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John Marsden, Head of Fraud, Equifax, is discussing how to identify and tackle theft as it happens, assessing risk, detecting threats and ensuring on-going training in Seminar 4: Keeping your Business’ Cash and Assets Safe and Secure

Going into your second day, and following morning networking, James Willison, Founder, Unified Security Ltd goes digital. As our dependency on technology grows, many companies are more vulnerable than ever, between data and privacy risks to ransomware, hackers are becoming more sophisticated, and businesses need to adapt quickly for Seminar 5 on Cyber Crime – the United Security Response.

With a continuing rise in companies at risk of fraud, from physical fraud to high level hacking, security needs to be tight across the board, and the final seminar before more discussion and networking addresses these fears. Fraud Prevention with David Lee, Fraud Prevention Manager, Transport for London sees the summit almost to a close.

Taking place between the 13-14 March at the Radisson Blu Hotel, London Stansted, this year’s Total Security Summit is the industry go-to for professionals.

To secure a complimentary delegate place at either of the two annual Total Security Summit events, call Liz Cowell on 01992 374 072 or email l.cowell@forumevents.co.uk.

Or, to attend either event as a supplier, call Nick Stannard on 01992 374 092 or email n.stannard@formumevents.co.uk.

For more information, visit www.totalsecuritysummit.co.uk.

Attending the Facilities Management Forum? Here are our top tips for industry networking!

If you’re coming to the next Facilities Management Forum (or if you’ve been to one before) you’ll know just how many opportunities there are to network with your industry peers.

The networking areas are where, as industry suppliers or buyers, you can follow up on conversations you’ve had during the one-to-one meetings that form the core of the two days.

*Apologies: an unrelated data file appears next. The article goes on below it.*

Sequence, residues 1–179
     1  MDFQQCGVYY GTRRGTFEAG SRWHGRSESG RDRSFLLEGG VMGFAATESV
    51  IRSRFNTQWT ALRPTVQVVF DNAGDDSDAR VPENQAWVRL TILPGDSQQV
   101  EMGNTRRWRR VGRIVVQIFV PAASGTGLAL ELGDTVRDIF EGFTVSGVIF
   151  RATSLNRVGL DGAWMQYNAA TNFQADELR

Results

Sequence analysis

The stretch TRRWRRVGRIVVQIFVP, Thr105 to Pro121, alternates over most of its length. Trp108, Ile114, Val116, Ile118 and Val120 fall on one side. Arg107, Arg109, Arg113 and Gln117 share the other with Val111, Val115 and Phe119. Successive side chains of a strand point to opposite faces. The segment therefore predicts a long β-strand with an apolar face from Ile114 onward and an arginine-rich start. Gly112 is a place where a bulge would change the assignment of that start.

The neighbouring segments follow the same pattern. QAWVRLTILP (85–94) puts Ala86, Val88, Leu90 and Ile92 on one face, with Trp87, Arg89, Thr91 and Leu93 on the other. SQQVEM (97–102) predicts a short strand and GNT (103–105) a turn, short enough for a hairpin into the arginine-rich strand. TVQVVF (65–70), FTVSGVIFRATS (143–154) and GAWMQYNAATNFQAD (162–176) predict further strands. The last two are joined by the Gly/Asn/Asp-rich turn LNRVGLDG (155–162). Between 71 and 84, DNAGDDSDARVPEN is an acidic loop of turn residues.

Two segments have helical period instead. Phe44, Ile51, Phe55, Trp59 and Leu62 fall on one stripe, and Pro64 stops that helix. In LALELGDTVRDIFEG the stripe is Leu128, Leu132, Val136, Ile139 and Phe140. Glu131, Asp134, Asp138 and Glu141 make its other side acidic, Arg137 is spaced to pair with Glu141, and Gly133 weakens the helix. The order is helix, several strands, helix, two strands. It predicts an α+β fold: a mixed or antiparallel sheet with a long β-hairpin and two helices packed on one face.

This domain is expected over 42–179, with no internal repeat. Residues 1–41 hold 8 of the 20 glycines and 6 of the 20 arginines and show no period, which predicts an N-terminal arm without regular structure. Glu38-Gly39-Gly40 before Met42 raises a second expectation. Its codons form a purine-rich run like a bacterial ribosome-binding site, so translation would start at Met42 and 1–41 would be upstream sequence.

Or, you know, talk about the football.

Either way, business is more often than not about building relationships.

We create networking environments that are informal and free of any pressure – whether that’s during the plentiful coffee breaks, over the delicious lunches and gala dinner, or playing roulette as part of the evening entertainment.

To help you get the most out of these opportunities, we’ve pulled together a few top tips for becoming the consummate networker:

Always be yourself: You’re among friends at the Facilities Management Forum, so there’s no need to feel nervous about walking into a big room of people. Our staff will be on hand to help with introductions and grease those social wheels (do come and say ‘hello’!), plus the evening entertainment lineup means fun and relaxation are the name of the game (did we mention the roulette?).

Have a think about what you want to achieve: Who’s in the room? Is there anyone you met earlier in the day that you’d like to follow up with? Whether you’re a supplier or a buyer, you’ve come to the Facilities Management Forum with some specific goals in mind – the networking periods are a chance to help solidify those new partnerships.

Be curious: The Facilities Management Forum seminars are a great place for developing your industry knowledge and learning new skills. And they always create points of discussion. So why not see what everyone else thought of the talks, or swap some ideas on the latest technological developments and trends in the industry? And if you’re new to the industry, there will be seasoned veterans ready and willing to impart their wisdom!

Don’t forget your business cards! You didn’t think we could get through a whole article about networking without mentioning business cards, did you? It’s an old chestnut, but one worth re-roasting. This author has forgotten his cards more times than he cares to remember – it happens. Always keep a few spread between your wallet/purse, pockets and bag – then you’ll be able to produce one when you most need it. But don’t blanket bomb – just because you have 100 cards to give out, it doesn’t mean you have to!